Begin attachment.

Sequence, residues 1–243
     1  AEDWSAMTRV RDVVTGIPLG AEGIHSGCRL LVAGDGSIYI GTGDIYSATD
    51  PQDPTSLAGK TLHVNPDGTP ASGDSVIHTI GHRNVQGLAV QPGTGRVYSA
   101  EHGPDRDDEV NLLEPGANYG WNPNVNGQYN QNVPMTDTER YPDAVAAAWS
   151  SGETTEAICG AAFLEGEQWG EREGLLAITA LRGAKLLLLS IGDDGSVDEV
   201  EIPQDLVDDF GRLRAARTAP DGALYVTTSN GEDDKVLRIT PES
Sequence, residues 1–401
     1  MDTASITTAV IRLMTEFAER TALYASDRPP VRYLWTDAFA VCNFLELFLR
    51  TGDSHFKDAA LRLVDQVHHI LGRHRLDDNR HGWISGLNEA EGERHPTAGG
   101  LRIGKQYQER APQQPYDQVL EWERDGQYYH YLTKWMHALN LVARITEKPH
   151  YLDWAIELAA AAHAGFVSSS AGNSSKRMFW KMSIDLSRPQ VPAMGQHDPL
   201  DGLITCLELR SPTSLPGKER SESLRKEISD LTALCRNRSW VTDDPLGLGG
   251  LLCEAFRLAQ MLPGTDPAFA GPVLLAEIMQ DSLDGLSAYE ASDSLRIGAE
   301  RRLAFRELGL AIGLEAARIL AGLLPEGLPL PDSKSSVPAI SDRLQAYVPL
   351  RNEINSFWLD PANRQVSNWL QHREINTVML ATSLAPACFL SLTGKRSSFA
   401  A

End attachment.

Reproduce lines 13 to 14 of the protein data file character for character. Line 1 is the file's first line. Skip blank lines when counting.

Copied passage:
   251  LLCEAFRLAQ MLPGTDPAFA GPVLLAEIMQ DSLDGLSAYE ASDSLRIGAE
   301  RRLAFRELGL AIGLEAARIL AGLLPEGLPL PDSKSSVPAI SDRLQAYVPL